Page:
The future of small North Hastings public schools, and their impact on community development and growth came up several times during the Wollaston Township regular council meeting on April 11. Local schools have received a reprieve from the threat of closure by the Hastings and Prince Edward District School Board, but only for this round of reviews.
Anyone attending physiotherapy at the North Hastings Hospital will now be visiting the Volunteers of Choices Thrift Store Physiotherapy Department.
Wollaston council received its requested mediation and conflict resolution report, prepared by Fournier Consulting Services, April 6. In February, council had requested mediation assistance to help them and township staff get back on track in a more productive and effective manner. The consultant, Stephen Fournier, conducted one-on-one interviews with all members of council and staff, as well as the former Deputy-reeve and fire chief, to prepare the report delivered. Following the special public meeting, Fournier said he would also be conducting private mediation for unnamed persons.
Just after 4 a.m. April 8, local OPP and emergency services were dispatched to a structure fire on Kamaniskeg Lake Road in Hastings Highlands.
Wollaston council grappled with the question of the implications of amending their zoning bylaw, which prohibits livestock or hobby farm use on lots currently zoned as rural residential, and comprising less than 15 acres. The question was raised at a previous meeting by Councillor Dave Naulls who questioned where the line is drawn between what is livestock, and what would be considered as a pet. For example, he noted, pot belly pigs, a pony, or even a few chickens could be considered as pets with an amendment to the current bylaw. In other council news; New community development co-ordinator; Voting methods to be updated; Recorded meetings.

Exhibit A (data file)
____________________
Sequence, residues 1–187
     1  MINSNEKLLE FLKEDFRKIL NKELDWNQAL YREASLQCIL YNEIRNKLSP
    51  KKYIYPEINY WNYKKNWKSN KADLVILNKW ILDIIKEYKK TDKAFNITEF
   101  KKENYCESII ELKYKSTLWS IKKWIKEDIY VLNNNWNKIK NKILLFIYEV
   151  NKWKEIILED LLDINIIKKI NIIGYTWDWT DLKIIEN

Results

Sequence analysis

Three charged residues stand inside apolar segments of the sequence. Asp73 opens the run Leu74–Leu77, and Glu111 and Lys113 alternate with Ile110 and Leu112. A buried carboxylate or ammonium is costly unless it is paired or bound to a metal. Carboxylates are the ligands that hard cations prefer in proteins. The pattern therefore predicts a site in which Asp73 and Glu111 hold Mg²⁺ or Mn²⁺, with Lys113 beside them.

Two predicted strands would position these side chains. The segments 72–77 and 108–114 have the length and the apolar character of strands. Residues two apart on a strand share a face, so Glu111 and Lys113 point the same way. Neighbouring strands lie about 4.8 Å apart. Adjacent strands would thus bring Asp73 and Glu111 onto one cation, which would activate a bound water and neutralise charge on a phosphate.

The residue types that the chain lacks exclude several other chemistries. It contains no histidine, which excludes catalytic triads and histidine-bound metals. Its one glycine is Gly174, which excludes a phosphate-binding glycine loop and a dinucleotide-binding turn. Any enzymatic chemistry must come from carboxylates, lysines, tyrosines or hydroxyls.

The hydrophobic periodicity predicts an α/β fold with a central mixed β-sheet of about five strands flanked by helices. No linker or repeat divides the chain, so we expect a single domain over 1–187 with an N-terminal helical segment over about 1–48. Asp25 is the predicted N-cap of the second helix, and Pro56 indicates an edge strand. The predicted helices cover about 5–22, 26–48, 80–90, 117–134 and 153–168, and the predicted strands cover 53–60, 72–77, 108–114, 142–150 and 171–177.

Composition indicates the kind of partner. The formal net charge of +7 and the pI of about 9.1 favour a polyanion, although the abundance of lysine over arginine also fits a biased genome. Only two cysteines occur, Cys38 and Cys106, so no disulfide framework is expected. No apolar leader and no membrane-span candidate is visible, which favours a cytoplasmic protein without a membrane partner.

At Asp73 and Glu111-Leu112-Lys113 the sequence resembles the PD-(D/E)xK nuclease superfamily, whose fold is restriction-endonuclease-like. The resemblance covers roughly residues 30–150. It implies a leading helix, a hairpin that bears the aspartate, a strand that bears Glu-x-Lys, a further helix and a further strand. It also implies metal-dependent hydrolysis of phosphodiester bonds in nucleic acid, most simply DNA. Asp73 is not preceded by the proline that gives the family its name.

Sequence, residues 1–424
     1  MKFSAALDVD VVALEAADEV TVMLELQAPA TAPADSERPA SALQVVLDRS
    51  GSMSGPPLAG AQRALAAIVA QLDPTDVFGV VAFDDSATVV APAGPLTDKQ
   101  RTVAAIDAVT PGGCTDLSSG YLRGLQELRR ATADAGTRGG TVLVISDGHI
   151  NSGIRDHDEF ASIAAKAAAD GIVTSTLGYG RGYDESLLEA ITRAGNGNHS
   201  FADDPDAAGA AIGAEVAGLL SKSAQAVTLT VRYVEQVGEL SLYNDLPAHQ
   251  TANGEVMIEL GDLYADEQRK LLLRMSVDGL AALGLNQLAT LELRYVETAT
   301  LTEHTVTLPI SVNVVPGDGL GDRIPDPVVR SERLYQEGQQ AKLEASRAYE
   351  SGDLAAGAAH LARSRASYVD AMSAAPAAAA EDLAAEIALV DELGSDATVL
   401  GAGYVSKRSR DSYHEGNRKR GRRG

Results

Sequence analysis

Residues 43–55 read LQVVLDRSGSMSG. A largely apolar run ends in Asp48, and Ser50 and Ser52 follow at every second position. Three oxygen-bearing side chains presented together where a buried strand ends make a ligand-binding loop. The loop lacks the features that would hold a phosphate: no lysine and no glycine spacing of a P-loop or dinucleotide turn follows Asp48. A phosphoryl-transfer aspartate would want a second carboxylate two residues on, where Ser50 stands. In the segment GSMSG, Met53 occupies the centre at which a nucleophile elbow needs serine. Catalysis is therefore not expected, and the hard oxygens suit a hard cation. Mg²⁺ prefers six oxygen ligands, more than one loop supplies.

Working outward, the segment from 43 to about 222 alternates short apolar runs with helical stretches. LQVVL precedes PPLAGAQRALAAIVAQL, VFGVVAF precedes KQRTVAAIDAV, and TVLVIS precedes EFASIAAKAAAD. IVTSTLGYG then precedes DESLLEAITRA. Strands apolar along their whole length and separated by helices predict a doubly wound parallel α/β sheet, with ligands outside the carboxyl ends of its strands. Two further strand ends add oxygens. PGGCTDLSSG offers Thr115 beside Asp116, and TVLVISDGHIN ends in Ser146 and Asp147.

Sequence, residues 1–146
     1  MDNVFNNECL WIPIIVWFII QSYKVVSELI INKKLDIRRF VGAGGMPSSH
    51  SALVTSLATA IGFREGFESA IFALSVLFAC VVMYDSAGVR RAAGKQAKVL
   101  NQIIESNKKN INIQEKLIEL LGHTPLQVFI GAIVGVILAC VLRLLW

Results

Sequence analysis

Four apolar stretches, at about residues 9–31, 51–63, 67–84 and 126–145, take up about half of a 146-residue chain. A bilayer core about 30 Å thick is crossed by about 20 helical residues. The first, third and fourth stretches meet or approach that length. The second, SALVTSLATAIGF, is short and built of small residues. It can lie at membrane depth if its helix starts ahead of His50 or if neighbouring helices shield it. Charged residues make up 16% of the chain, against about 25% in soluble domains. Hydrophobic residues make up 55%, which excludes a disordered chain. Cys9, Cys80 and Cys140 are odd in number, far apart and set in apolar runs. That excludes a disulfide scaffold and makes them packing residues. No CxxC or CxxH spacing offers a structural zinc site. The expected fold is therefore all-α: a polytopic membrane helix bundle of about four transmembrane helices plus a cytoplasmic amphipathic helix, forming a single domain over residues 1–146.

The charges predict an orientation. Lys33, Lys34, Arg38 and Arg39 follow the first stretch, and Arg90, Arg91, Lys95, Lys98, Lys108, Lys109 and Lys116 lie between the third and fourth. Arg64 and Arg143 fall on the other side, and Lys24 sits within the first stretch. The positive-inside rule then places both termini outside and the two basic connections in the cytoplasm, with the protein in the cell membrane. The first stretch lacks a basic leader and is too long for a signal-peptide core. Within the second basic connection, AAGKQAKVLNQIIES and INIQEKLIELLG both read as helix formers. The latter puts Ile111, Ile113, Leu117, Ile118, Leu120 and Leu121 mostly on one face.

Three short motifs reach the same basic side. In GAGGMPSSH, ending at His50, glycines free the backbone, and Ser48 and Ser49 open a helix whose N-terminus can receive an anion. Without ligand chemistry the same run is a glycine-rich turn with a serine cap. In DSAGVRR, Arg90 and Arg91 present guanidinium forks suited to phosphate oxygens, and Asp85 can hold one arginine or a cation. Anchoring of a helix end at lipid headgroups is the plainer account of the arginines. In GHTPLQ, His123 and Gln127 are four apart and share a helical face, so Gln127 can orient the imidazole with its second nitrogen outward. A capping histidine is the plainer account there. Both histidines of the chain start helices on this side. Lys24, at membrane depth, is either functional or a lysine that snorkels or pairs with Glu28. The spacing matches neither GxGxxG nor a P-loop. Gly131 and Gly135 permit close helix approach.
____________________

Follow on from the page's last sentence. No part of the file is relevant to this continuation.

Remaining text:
The sun is shining on public sector employees in Bancroft and surrounding area. The so-called Sunshine List, which discloses public sector salaries of more than $100,000 a year, was released at the end of March. Hundreds of employees from local school boards, municipalities and health services made the list.